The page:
Influencers also use the channels as a place to reward their most loyal followers. Goldman said she does so by sharing links to products earlier, hosting giveaways or even uploading a Starbucks gift card so a follower can treat themselves to a cup of coffee. And unlike Instagram Stories, which expire after 24 hours, content in a broadcast channel lives on indefinitely, meaning that the shoppers who are most likely to take an influencer’s recommendations have an easier way to find previously-posted content.

As well, the channel’s privacy can offer a layer of protection from criticism and trolls, particularly when disclosing more personal details.

“People are there because they care about you,” said Goldman. “They’re loyal to you, so you can speak more openly about topics that you wouldn’t necessarily blast to all 100,000 of your followers.”

Brand partners are taking notice of their potential, too: Parke founder Kramer said that for an upcoming sponsored content deal, posting in her broadcast channel was included in the deliverables.

A Testing Ground

Just as influencers are using the channels to present a more candid picture of their day-to-day, so are brand founders. Shrugging off the “girl boss” era of the 2010s, which was defined by glossy success stories plastered on the covers of magazines, they’re using channels to give a more realistic picture of what it means to be an entrepreneur.

“A lot of what we, and what a lot of what consumers saw were perfect founder stories on stage,” said Stratchan. “That’s just not been my experience building a company.”

But the benefits go further than transparency.

As more consumers, particularly Gen-Z, say they want to play a role in building the brands they shop from, broadcast channels offer a way for founders to give their customers a behind-the-scenes peek at product development or marketing photoshoots. They can essentially serve as a focus group for immediate feedback, which can be used to get a sense of demand for a particular product, which can help them determine how much of it to order — or if they should make it at all.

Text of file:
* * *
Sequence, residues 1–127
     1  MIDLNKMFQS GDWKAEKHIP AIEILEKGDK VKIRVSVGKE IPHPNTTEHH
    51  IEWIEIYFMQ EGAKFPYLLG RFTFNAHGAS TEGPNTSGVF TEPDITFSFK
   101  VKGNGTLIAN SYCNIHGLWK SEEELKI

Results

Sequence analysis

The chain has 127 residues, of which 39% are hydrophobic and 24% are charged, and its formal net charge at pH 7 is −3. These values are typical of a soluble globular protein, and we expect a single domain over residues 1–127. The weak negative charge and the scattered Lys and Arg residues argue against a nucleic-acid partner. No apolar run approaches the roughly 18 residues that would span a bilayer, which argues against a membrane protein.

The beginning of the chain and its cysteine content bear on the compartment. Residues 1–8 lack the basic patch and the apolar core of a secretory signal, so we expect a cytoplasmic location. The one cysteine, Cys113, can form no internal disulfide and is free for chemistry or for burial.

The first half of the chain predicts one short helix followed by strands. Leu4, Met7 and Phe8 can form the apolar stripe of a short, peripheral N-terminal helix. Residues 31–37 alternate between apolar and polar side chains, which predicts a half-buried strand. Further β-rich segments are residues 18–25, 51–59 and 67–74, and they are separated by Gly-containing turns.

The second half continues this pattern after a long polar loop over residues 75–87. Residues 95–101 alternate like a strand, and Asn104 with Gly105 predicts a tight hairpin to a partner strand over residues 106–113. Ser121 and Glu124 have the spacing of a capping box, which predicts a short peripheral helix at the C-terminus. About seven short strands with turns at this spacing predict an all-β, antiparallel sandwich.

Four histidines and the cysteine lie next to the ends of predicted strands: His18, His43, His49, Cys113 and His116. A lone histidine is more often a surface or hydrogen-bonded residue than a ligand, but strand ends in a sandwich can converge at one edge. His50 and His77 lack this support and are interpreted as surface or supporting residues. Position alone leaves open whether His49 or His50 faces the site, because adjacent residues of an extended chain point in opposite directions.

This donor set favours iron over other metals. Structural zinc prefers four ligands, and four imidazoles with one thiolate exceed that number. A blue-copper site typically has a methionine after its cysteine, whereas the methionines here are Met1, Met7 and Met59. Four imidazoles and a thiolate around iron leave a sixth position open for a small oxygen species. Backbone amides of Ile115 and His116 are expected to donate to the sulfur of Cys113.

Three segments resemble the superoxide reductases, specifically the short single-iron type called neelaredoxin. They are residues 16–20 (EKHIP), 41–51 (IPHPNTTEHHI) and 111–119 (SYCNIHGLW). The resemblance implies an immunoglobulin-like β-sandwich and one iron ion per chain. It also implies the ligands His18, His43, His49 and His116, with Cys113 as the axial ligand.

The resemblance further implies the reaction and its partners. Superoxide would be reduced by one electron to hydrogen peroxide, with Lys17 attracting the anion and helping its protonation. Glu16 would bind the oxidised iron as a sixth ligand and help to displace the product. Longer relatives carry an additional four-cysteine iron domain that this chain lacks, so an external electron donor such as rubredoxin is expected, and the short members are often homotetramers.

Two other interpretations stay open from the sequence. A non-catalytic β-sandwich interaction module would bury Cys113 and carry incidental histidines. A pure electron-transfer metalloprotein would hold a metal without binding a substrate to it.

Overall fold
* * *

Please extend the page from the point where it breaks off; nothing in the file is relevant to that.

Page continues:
“This generation, right now, all they want to do is be a part of your brand. They want to look at someone and they relate to them in some capacity,” said Kramer. “That’s how I’ve grown the business, is just showing these glimpses of being a brand owner in my 20s.”

It’s still early days for the broadcast channel feature, but already, users have feedback. The most common point of frustration with broadcast channels is that they can feel a bit like the host is shouting into the void or “talking to myself,” as Goldman said, because members can’t reply. The addition of the question box and the ability to react helps, but two-way communication would help increase the feeling of community within the channel, they say.

Instagram, for its part, seems open to evolving broadcast channels. Just this month, it introduced new features, including allowing channel leads to select their own image to serve as the channel’s “background,” giving leads the ability to host Instagram Lives specifically for their channel members and providing QR codes that link back to the host’s main feed.

“This really has to evolve into either [allowing] additional feedback to the creator or they will think about if there is another medium or platform that allows that to happen,” said Subramanian.